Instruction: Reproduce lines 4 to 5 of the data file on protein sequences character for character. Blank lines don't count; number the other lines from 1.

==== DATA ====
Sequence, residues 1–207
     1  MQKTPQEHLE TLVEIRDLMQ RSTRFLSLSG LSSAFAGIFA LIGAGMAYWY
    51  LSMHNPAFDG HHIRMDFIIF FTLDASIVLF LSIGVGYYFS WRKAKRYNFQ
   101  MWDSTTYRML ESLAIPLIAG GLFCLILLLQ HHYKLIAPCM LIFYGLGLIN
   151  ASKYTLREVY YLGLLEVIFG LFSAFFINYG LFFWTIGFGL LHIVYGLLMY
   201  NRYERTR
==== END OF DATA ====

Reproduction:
   101  MWDSTTYRML ESLAIPLIAG GLFCLILLLQ HHYKLIAPCM LIFYGLGLIN
   151  ASKYTLREVY YLGLLEVIFG LFSAFFINYG LFFWTIGFGL LHIVYGLLMY